1834: Cyrus McCormack patents a grain reaper 1835: Bad weather in Walton, NY means financial problems for farmer Walter Jayne
1836: Congress decides slavery is a matter for individual states 1836: Samuel Sherwood writes his wife Laura a letter explaining travel arrangements by stage coach
1837: Panic of 1837 (financial) 1837: The Delaware County Poor House sends 6 year old Alvina Colony to work as an indentured servant to age 18
1837 - 1841: President Martin Van Buren 1838: Members of the Silliman family travel from New York to Michigan
1840: Postage stamps introduced 1840: Samuel Law of Meredith, NY accounts the sickness and death of his wife Sally in his diary
1841: President William H. Harrison 1842: Samuel Sherwood writes his son William Sherwood in Delhi, NY asking him what he plans to do with his life
1841 - 1845: President John Tyler 1845: Undersheriff Osman Steele murdered during the Anti-rent conflict
1845 - 1849: President James K. Polk 1845: Matthew Griffin of Middletown, NY describes events as they unfolded during the Anti-rent conflict in his diary
1845: Beginning of large scale immigration of Irish to the US following the potato famine 1846: The Farmer's Store advertises a new stock of goods in the Delaware Gazette
1846-1848: Mexican War 1847: Matthew Griffin of Middletown, NY states his view on the US war with Mexico
1848: Illinois-Michigan Canal opens 1846 - 1847: Anti-rent newspaper Voice of the People published in Delhi, NY
1848: First women's rights convention  
1849 - 1850: President Zachary Taylor 1849: Robert Sherwood describes Paris, France to his sister Mary back home
1849: California Gold Rush begins 1851: Harvey Seaman sails to California via Cape Horn
1850: Compromise of 1850 and the Fugitive Slave Act 1850: Susan Fenimore Cooper publishes Rural Hours
1850-1853: President Millard Fillmore 1852: Delhi farmer Nathanial Arbuckle records daily events in his diary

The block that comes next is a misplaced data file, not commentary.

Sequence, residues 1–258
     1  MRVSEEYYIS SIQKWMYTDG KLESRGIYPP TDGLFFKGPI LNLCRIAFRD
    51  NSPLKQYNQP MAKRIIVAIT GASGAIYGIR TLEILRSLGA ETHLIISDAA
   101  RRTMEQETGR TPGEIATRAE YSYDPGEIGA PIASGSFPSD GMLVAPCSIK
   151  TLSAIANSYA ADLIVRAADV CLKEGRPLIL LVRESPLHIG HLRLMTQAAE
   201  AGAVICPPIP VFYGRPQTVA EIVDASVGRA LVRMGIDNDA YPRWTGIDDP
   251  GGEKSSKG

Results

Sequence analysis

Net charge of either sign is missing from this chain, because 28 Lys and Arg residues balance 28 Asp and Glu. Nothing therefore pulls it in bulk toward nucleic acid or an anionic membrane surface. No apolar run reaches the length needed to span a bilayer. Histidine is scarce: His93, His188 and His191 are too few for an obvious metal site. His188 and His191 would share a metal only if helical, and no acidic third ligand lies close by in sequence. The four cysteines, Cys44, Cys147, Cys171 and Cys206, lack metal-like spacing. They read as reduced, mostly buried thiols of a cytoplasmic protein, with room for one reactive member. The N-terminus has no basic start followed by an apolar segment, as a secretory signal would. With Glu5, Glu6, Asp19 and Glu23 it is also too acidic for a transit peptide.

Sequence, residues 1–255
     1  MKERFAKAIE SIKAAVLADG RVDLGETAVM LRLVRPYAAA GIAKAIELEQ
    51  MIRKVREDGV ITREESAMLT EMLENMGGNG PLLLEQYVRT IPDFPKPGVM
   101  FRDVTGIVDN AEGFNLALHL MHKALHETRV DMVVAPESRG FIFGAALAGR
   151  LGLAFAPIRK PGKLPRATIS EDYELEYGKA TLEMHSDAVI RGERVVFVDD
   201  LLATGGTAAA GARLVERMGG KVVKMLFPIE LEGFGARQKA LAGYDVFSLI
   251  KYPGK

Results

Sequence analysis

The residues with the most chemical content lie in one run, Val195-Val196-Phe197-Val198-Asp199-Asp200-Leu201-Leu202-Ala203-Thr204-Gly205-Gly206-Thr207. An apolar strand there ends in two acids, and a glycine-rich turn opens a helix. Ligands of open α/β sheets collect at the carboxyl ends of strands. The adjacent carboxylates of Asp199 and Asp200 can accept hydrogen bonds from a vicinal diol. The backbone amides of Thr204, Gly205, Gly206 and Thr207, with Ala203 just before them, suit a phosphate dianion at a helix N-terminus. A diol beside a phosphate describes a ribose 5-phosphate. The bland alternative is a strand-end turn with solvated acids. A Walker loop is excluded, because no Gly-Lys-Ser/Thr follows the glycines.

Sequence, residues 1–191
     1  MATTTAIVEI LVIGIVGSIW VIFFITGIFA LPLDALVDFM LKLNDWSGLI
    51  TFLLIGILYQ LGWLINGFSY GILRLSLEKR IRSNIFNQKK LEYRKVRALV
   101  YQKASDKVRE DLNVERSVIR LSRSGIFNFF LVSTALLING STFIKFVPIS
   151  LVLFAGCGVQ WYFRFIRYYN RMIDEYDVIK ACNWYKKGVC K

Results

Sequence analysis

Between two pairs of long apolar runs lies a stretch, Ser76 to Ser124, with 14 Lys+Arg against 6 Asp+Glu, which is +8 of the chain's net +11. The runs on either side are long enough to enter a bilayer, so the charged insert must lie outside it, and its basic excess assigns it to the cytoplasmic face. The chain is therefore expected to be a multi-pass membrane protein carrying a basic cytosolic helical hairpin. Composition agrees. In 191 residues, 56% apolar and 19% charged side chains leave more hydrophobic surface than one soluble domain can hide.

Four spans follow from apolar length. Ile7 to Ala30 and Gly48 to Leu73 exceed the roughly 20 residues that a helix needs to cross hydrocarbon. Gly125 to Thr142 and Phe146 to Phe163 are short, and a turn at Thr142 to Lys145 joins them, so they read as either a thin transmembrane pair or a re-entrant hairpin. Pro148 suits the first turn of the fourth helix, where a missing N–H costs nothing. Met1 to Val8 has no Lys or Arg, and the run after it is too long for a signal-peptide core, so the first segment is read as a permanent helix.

1853: George Edgerton escapes Delhi lawmen by traveling to St. Paul, Minnesota Territory
1851: Susan B. Anthony campaigns for the rights of women 1853: Eliza Mead of Walton, NY describes her daily routine in her diary
1852: Harriet Beecher Stowe publishes Uncle Tom's Cabin 1854: Edward Frisbee describes life at the Delaware Literary Institute in Franklin, NY in a letter to his cousin
1853: Gadsden Purchase: US buys land south of New Mexico and Arizona from Mexico 1855: John Shanley mortgages cows and sheep to Guerdon Edgerton of Delhi, NY
1853 - 1857: President Franklin Pierce 1855: Lucy Ann Lobdell publishes The Narrative of Lucy Ann Lobdell, the Female Hunter of Delaware and Sullivan Counties, N. Y
1854: Kansas-Nebraska Act: allows the two new territories to decide whether they will be slave-holding or free 1856: Edward Frisbee writes that Franklin, NY residents burn Senator Douglas, author of the Kansas-Nebraska Act, in effigy
1857: Panic of 1857 (financial) 1857: Miriah Corbin asks Guerdon Edgerton for leniency in collecting the money he owes
1857 - 1861: President James Buchanan 1857: Ebenezer Lindsey of Downsville, NY details the death of his wife Mary from small pox
1858: Kerosene oil discovered in Pennsylvania Kerosene oil lamps began to replace home made candles as a source of light
1859: John Brown's raid on Harper's Ferry 1859: Maurice Farrington accepts a position as a teacher at a Common School in Bloomville, NY
1860: Election of Abraham Lincoln as US President 1860: Nathanial Arbuckle of Delhi mentions the troubles in the Southern States in his diary.
1861: Firing on Fort Sumter: beginning of the Civil War 1861: Laura Sherwood, now living in New York City, mentions making caps for the Seventh Regiment soldiers to protect them from the southern sun


All materials on this website are for non-profit educational use.